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Director's noteStagingContextRaphael the archangelBinaural beatsBody/EmotionsIntermediality in theatre

Raphael the archangel

As the show was being written, it became clear that we needed to root our story with other stories of resilience, culturally referencing films and series such as « Les Ailes du désir », « Ghost story » or « The good place », and their portrayal of angelic or ghostlike characters.

We borrowed the name Raphael from the archangel of the same name. (RAFA is hebrew for healing and EL is God).

He is sent to earth for healing and redemption purposes, in the same way our Raphael is.

Below are excerpts from The Book of Tobit depicting the archangel’s arrival on Earth, including his encounter with Sarah.

The Book of Tobit

II : 10-23


10 But toil brought weariness, and one morning, when he came home, he threw himself down in the shadow of the wall, and quickly fell asleep. 11 As he slept, warm droppings from a swallow’s nest fell into his eyes, and he became blind. 12 This was but a trial which the Lord allowed to befall him, so that he might leave to later ages, as God’s servant Job did, a document of patience. 13 Here was a man that had feared God and obeyed his commandments from infancy; he was smitten with blindness; did he thereupon complain, God was using him ill? 14 No, he remained as stout-hearted a worshipper of God as before, and never a day passed but he returned thanks for the gift of life. 15 Kinsman and clansman might taunt him, as Job was taunted by his fellow chieftains; might call him a fool for his pains, 16 and ask whether this was the reward he had hoped for when he gave alms, and went a-burying; 17 Tobias took them up short. Nay, said he, never talk thus; 18 we come of holy stock, you and I, and God has life waiting for us if we will but keep faith with him. 19 His wife Anna went every day to work at the loom, bringing home what earnings she could; 20 and one day it was a kid that was given her for her wages. When she brought this home, 21 and its bleating reached her husband’s ears, he made great ado for fear it had been stolen; Nay, he said, this must be restored to its owner; never shall it be said that we ate stolen food, or soiled our hands with theft! 22 Fine talk, said she, but the like hopes have played thee false already; what hast thou to shew, now, for all thy almsgiving? 23 With such taunts as these even his wife assailed him.


III : 1-25


1 So at last Tobias fell a-sighing, and he prayed still, but wept as he prayed. 2 Lord, he said, thou hast right on thy side; no award of thine but is deserved, no act of thine but tells of mercy, of faithfulness, and of justice. 3 Yet bethink thee, Lord, of my case; leave my sins unpunished, my guilt, and the guilt of my parents, forgotten. 4 If we are doomed to loss, to banishment and to death, if thou hast made us a by-word and a laughing-stock in all the countries to which thou hast banished us, it is because we have defied thy commandments; 5 it was fitting punishment, Lord, for the men who neglected thy bidding, and were half-hearted followers of thine. 6 And now, Lord, do with me as thy will is, give the word, and take my spirit to thyself in peace; for me, death is more welcome than life.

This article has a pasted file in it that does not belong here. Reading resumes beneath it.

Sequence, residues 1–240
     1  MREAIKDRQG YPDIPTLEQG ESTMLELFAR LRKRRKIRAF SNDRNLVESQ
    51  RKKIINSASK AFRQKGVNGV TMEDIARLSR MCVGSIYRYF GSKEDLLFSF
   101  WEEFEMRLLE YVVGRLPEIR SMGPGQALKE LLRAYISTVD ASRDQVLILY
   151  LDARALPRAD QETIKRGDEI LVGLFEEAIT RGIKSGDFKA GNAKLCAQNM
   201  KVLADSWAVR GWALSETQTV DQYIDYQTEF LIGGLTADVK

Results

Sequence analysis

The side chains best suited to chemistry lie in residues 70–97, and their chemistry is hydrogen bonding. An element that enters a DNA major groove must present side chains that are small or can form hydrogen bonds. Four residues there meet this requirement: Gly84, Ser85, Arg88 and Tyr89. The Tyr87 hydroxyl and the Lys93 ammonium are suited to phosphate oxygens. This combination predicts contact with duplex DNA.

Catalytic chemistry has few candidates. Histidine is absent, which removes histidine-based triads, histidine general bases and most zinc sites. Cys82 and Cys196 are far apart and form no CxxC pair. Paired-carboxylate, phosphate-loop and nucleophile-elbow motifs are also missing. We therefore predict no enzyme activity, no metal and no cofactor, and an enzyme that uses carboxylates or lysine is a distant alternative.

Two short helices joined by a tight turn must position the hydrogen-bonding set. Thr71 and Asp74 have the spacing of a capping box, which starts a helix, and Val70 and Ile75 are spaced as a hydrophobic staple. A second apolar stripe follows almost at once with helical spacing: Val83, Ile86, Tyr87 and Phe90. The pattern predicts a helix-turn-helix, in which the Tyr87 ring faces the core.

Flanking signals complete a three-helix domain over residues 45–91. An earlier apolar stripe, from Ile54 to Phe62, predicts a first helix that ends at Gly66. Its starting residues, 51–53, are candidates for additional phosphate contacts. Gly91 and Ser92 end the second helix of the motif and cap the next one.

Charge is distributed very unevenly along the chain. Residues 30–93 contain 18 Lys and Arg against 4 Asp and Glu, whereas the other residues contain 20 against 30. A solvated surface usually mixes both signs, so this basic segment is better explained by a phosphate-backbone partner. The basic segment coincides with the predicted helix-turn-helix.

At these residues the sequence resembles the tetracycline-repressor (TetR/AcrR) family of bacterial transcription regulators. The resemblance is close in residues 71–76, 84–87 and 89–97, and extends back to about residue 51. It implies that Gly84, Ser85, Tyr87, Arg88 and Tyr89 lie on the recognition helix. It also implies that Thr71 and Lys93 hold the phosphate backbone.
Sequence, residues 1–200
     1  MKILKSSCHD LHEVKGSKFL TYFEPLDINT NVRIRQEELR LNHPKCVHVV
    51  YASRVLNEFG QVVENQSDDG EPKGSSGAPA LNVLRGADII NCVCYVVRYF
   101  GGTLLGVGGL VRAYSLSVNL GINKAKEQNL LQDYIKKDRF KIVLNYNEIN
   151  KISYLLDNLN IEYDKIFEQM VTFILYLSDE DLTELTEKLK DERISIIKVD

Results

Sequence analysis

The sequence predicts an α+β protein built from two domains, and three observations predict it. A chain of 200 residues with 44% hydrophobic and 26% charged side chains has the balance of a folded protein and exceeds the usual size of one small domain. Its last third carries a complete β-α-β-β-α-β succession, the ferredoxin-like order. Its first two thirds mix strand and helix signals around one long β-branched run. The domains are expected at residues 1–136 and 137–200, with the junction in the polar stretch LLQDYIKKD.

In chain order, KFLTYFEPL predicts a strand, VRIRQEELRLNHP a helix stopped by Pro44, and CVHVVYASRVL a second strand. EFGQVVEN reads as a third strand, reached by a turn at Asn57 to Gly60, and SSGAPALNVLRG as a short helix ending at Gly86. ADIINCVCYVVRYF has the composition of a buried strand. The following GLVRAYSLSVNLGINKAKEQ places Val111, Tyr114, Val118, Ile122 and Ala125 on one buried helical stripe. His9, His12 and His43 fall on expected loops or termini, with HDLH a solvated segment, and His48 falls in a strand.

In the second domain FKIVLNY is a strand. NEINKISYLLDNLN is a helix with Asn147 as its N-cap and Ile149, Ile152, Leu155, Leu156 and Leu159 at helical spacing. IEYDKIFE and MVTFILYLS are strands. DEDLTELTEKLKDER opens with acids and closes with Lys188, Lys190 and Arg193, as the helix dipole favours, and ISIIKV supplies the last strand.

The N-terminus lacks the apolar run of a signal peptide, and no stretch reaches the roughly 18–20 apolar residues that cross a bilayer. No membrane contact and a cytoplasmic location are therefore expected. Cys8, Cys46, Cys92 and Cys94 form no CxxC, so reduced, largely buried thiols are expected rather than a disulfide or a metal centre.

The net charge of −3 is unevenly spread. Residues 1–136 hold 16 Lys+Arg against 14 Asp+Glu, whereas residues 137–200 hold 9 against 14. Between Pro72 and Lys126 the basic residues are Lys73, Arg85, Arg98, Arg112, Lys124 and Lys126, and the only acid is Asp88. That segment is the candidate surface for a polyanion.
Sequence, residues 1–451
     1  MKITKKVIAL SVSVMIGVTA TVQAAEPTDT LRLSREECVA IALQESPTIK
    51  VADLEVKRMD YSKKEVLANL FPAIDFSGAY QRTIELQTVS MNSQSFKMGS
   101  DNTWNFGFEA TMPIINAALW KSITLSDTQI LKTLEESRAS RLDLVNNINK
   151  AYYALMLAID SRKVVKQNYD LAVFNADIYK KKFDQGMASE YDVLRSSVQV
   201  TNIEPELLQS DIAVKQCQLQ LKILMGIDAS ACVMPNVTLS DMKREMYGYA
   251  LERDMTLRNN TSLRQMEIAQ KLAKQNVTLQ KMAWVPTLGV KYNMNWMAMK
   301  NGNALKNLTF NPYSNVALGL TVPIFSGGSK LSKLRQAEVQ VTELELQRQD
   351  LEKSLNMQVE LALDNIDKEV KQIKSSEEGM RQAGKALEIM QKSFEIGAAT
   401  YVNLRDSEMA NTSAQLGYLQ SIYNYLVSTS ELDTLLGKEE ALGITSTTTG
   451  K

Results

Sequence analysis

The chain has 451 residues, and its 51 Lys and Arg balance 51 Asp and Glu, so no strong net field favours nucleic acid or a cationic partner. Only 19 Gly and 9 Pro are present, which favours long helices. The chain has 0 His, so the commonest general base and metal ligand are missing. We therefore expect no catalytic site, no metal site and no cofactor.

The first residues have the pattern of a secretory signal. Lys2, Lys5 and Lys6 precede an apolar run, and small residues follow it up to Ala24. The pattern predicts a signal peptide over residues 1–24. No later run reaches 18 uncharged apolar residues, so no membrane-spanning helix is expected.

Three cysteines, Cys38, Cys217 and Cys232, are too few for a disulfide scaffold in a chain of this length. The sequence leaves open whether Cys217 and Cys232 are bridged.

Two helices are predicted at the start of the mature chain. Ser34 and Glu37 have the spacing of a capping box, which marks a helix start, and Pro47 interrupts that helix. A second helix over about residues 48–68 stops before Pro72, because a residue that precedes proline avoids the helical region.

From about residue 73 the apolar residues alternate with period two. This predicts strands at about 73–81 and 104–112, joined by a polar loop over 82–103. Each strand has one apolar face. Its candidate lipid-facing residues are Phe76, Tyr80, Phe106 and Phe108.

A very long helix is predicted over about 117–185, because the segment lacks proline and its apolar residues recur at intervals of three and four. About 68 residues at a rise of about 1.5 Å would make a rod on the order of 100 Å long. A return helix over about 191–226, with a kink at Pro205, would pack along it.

7 Now turn we to Rages, a city in Media, and another soul that must undergo taunts on this same day, Sara, the daughter of Raguel. It was one of her father’s maid-servants that taunted her; 8 and the ground of it was that she had been married seven times, but each of her husbands in turn had been killed, at the time of his bedding with her, by an evil spirit that was named Asmodaeus. 9 This maid, then, upon being reproved for some fault, had answered, God send we never see son or daughter of thine brought to light! Murderess, where are those husbands of thine? 10 Wouldst thou make as short work with me as thou didst with those seven? At that, Sara withdrew to an upper room of the house, and for three days and nights would neither eat nor drink; 11 all this time she spent in prayer, begging with tears that God would free her of the suspicion.

12 And at last on the third day, her time of prayer ended, she blessed the name of the Lord after this fashion: 13 Blessed is thy name, O God of our fathers, who, though thy anger be roused, shewest mercy still, who dost pardon the sinner that cries out to thee in time of need! 14 To thee, Lord, I turn; on thee my eyes are fixed; 15 and, Lord, my prayer is that thou wouldst either rid me of this clogging suspicion, or else take me away from earth. 16 Thou, Lord, canst bear me witness that I lusted never after man; still have I guarded my soul from shameful desire, 17 nor kept company with the wanton, nor cast in my lot with the lovers of dalliance. 18 If I consented to take a husband, law of thine was my rule, not lust of mine. 19 It seems I was unworthy of these men’s love, or perhaps they of mine; it may be thou wast reserving me for another husband; 20 thy designs are beyond our human reach. 21 But this at least all thy true worshippers know; never was a life of trials but had its crown; never distress from which thou couldst not save; never punishment but left a gateway to thy mercy. 22 Not thine to plot eagerly for our undoing; the storm passes, and thou grantest clear weather again; tears and sighs are over, and thou fillest the cup with rejoicing; 23 blessed be thy name, God of Israel, for ever! 24 Two prayers that day reached the bright presence of the most high God; 25 and Raphael, one of the Lord’s holy angels, was sent out, bearing common deliverance to the suppliants of a single hour.

Director's noteStagingContextRaphael the archangelBinaural beatsBody/EmotionsIntermediality in theatre

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